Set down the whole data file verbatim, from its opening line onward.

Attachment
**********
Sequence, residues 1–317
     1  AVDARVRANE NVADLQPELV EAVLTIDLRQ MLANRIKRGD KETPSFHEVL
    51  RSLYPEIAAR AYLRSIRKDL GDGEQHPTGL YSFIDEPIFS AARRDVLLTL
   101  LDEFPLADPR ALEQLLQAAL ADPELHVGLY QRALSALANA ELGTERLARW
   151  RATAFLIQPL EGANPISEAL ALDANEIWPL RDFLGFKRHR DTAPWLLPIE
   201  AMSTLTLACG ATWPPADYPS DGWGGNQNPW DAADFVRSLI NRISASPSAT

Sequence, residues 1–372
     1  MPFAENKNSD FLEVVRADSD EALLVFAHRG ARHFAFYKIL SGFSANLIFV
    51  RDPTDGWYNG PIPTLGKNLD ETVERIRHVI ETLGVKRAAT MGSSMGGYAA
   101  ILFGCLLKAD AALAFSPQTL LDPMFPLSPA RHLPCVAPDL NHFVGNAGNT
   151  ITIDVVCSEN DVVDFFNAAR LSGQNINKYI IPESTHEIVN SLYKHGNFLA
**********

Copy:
Sequence, residues 1–317
     1  AVDARVRANE NVADLQPELV EAVLTIDLRQ MLANRIKRGD KETPSFHEVL
    51  RSLYPEIAAR AYLRSIRKDL GDGEQHPTGL YSFIDEPIFS AARRDVLLTL
   101  LDEFPLADPR ALEQLLQAAL ADPELHVGLY QRALSALANA ELGTERLARW
   151  RATAFLIQPL EGANPISEAL ALDANEIWPL RDFLGFKRHR DTAPWLLPIE
   201  AMSTLTLACG ATWPPADYPS DGWGGNQNPW DAADFVRSLI NRISASPSAT

Sequence, residues 1–372
     1  MPFAENKNSD FLEVVRADSD EALLVFAHRG ARHFAFYKIL SGFSANLIFV
    51  RDPTDGWYNG PIPTLGKNLD ETVERIRHVI ETLGVKRAAT MGSSMGGYAA
   101  ILFGCLLKAD AALAFSPQTL LDPMFPLSPA RHLPCVAPDL NHFVGNAGNT
   151  ITIDVVCSEN DVVDFFNAAR LSGQNINKYI IPESTHEIVN SLYKHGNFLA